I’d also love to see a consolidation of the core (Nova/Neutron/Cinder/Swift): vendors and developers are introducing new features and projects while I’d love to see –for example- a more stable and scalable Neutron and a more stable connection to Oslo (in particular rabbitmq).
In general, I would encourage more attention to who is actually deploying, integrating and using OpenStack every day. I would also try to foster the ecosystem of ISVs in order to release and certify their software for OpenStack. And – last but not least- to see interoperation between “regional” datacenters: I dream of a world where companies in a given territory can “work together”, and this is only possible through standards. I hope that OpenStack can represent this standard.

[FM] When are the elections and how can we vote?

[GP] Individual Member Director elections for the 2016 Board will be held online from Monday January 11, 2016 to Friday January 15, 2016. More informations on the website.

LADI Tools: first stable release is out!

During the last month I worked as upstream maintainer of LADI Tools and now I’m happy to introduce the first stable release! So, to answer the usual question “What’s new?”, here is a short description of the changes introduced (taken from the NEWS file included in the release tarball):

Laditools 1.0 «Lady “O”»

Apart from wladi and g15ladi, most of ladi* tools have been renamed:

  • ladicontrol -> ladi-control-center
  • ladilog -> ladi-system-log
  • laditray -> ladi-system-tray

Moreover, a new component has joined the LADI Tools suite: ladi-player. LADI Player is a convenient, graphical VLC-style application providing an all-in-one control interface to start, stop and monitor JACK as well as the session handler. It also provides basic controls for managing studios.

Goodbye PyGTK!

All the code was ported to GTK+ 3 and the new GObject Introspection mechanism.

Code refactoring and cleanup

The code has been reorganized in order to allow the use of Python objects by 3rd party applications.

To start writing code using the classes provided by laditools, simply do the following:

from laditools import *

Two-in-one solution for LADI System Tray

Formerly laditray was an implementation of GtkStatusIcon to put a nice right-clickable icon into the system tray to allow users access JACK controls easy way. It’s been mostly rewritten and now it shows an AppIndicator icon (if the library is available), or fall back to the Freedesktop.org’s old-fashioned System Tray Protocol Spec-compliant icon.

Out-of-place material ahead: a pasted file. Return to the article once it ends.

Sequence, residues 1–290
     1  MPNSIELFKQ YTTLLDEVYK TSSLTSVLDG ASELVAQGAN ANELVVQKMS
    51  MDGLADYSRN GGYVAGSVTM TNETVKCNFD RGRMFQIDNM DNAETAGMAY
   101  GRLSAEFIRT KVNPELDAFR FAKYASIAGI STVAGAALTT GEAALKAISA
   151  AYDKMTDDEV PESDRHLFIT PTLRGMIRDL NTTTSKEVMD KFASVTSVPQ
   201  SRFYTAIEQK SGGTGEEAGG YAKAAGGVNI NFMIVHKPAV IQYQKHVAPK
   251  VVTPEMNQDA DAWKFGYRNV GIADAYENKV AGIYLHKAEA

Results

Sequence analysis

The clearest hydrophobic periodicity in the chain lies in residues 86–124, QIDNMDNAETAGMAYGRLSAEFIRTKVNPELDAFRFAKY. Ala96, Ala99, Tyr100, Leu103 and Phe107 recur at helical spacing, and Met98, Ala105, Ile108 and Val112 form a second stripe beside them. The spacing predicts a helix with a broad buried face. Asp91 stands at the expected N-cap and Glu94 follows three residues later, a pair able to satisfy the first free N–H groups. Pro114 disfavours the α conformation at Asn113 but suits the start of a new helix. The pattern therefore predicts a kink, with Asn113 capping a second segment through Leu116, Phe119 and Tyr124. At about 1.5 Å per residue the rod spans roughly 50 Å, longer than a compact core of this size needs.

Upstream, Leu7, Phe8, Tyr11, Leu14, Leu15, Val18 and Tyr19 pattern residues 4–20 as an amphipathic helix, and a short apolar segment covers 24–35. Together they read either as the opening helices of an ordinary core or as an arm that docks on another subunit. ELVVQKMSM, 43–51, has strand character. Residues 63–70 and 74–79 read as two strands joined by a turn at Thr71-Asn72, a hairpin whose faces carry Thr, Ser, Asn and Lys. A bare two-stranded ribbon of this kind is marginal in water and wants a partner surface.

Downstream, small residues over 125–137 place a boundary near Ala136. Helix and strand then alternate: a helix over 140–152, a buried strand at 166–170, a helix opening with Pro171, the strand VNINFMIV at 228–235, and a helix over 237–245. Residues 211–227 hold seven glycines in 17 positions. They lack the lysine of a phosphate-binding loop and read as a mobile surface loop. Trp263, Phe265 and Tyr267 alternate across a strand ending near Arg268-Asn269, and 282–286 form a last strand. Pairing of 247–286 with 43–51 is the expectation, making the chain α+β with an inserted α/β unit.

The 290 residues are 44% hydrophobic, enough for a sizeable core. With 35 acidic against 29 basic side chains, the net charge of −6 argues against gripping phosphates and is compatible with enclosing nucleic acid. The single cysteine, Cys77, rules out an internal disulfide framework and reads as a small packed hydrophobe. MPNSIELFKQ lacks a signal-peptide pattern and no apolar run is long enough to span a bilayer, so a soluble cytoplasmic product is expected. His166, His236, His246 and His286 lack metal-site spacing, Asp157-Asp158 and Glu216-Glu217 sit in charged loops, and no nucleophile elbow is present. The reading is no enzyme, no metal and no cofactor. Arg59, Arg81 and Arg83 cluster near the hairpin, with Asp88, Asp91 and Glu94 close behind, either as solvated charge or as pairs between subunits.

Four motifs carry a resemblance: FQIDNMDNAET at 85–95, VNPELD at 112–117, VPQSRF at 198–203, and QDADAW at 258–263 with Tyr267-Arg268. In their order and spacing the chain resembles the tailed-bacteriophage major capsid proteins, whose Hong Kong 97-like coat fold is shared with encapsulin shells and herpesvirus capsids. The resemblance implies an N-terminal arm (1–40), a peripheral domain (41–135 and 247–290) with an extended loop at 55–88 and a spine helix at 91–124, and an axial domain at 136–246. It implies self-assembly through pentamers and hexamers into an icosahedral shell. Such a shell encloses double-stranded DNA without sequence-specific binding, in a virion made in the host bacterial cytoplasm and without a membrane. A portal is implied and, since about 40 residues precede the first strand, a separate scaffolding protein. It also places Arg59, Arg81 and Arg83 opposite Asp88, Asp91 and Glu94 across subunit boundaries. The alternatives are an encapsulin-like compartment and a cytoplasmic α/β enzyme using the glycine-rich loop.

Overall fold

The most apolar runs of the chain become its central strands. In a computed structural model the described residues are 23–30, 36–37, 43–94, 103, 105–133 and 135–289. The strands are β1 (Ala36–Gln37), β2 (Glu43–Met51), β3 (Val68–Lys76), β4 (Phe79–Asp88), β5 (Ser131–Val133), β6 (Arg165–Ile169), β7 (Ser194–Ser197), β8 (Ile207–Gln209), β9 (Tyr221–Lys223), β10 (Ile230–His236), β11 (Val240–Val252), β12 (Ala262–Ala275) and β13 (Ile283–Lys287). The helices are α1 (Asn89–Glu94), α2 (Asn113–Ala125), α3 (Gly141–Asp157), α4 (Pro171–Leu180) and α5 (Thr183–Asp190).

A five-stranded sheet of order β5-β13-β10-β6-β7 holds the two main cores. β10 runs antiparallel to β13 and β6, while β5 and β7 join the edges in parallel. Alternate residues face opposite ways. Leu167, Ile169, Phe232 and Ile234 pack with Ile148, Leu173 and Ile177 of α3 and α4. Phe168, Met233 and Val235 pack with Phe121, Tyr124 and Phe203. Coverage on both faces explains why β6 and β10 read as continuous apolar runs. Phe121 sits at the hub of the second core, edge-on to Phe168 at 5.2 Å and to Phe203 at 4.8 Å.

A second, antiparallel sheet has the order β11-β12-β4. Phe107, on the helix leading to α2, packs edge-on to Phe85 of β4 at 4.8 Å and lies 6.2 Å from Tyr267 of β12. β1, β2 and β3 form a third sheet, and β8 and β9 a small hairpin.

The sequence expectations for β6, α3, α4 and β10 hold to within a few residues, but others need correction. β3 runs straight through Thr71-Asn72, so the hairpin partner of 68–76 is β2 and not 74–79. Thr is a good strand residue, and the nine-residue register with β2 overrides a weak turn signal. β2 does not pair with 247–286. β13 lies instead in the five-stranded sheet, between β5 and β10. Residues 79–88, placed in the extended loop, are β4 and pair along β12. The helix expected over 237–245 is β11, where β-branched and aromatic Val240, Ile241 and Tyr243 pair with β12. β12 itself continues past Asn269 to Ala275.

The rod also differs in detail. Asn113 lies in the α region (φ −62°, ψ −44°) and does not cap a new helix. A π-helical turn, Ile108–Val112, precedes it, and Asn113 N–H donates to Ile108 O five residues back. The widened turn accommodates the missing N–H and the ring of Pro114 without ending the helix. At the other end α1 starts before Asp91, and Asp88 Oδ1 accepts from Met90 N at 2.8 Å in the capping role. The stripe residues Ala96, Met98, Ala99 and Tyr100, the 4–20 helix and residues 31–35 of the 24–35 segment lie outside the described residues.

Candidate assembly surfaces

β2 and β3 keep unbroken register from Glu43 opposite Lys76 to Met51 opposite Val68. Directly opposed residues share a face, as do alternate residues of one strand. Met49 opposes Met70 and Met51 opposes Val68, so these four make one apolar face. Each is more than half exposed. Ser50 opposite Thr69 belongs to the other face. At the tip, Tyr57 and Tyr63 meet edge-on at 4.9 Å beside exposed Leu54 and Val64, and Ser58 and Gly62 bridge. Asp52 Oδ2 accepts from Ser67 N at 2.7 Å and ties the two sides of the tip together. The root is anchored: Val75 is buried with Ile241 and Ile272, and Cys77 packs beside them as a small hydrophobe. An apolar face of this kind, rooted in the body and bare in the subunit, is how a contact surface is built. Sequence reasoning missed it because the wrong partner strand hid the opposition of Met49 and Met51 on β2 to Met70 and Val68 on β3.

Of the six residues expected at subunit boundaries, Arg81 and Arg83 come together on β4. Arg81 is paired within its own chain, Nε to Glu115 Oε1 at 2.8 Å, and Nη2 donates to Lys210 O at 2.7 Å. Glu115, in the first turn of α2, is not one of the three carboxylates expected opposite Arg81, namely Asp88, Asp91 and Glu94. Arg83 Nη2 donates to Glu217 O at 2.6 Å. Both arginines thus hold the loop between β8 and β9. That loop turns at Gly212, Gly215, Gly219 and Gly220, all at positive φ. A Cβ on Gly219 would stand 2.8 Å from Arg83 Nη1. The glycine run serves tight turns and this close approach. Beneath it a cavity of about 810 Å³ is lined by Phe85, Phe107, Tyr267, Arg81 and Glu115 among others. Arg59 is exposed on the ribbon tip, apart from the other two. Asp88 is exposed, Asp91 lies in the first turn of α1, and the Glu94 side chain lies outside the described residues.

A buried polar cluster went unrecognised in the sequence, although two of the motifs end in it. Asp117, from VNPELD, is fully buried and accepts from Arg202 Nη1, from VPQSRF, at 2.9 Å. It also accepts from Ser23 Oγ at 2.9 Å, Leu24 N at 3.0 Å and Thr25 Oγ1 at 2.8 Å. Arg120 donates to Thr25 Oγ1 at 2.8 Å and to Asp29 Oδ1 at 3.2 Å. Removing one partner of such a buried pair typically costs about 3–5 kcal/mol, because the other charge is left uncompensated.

Project’s new homepage

The project’s homepage is now hosted by Launchpad.net, the code is hosted by repo.or.cz and it’s available here for browsing.
Please use the following links to contact the development team:

New up-to-date packages will hit both Debian and Ubuntu soon!

Nautilus Pastebin, how to send your files to a “pastebin” with one mouse click

I am very fond of those websites that allow users to upload files for a public viewing (called pastebin), usually I upload logs, links and other text files with pastebinit, a simple command-line tool, already available in Debian’s and Ubuntu’s archives, and I thought:

“Why don’t find a not-CLI solution to make it in a more fast and comfortable way?”

So I decided to write nautilus-pastebin, an extension for the GNOME file manager, which allows users to send files just a right-click away.

How does it work?

Simply: right-click on a file, select «Pastebin» and, if the Internet connection is active, after few seconds you will see a bubble like that one in this screenshot:

The extension doesn’t only show that notification, it also retrieves the MIME type in order to try to adjust the syntax highlighting parameter according to the configuration of the selected pastebin and finally copies the paste URL to the clipboard, allowing you to paste it in a browser tab, IRC channel or wherever you want.

The global configuration file is located into /etc path, but if you want to select another pastebin to use you may do it by creating a file like the following one:

[generals]
pastebin = $GLOBAL_CONFIGFILE_SECTION

The file must be named as nautilus-pastebin.conf and saved under ~/.config/nautilus-pastebin/.

If problems occured during the past operation, you may see a message like the following:

Where can I download it? And how can install it?

You can find all the information that you need by opening the projects page, for the installation, after uncompressing the tarball, you can:

  1. Use the setup.py script.
  2. Copy:
    1. scripts/nautilus-pastebin.py to /usr/lib/nautilus/extensions-2.0/python/
    2. data/nautilus-pastebin.conf to /etc/ or in ~/.config/nautilus-pastebin/
    3. data/nautilus-pastebin.png to /usr/share/pixmaps/

After the installation, you may need to restart Nautilus:

killall nautilus

Some pastebins of the preconfigured ones don’t work well and I need some time to improve and extend the support for other websites.

If you wanted to contribute to the development by sending me patches, configurations or suggestions I would be very happy!

Links:

New project: Installation Report Generator

That’s a screenshot:

This application, written in Python + GTK, collect informations about user’s hardware and software configuration, then compile an installation report according with the notebook page template of Ubuntu-it’s wiki.

For installation instructions and other informations about the project, please read this.

Realtek’s modules, new version has been released

If you read my previous article about r8169 module but it wasn’t the best solution for your Realtek ethernet adapter, now it’s the time to be happy! 😀

Realtek has released new version of r81* modules and now we’ll proceed to compile and install the right module we need, but please note that I have a RTL8101E PCI Express Fast Ethernet controller, so I tested this procedure on Ubuntu 8.04 «Hardy Heron» only with r8101 module.

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How to compile r8168 and r8101 modules for Realtek ethernet adapters

r8169 module has a lot of bugs and it doesn’t work well with a large number of Realtek’s adapters, so, a few days ago, I posted a patch for the Realtek r8101 module, which supports kernel 2.6.23 but not the 2.6.24, newest kernel in Ubuntu 8.04 «Hardy Heron».

This howto could be a solution for a large number of ethernet adapters issues.

The first step is downloading the right driver (r8101 or r8168) for the adapter:

  • r8168 supports RTL8111B, RTL8168B, RTL8111, RTL8168 and RTL8111C;
  • r8102 supports RTL8100E, RTL8101E and RTL8102E-GR.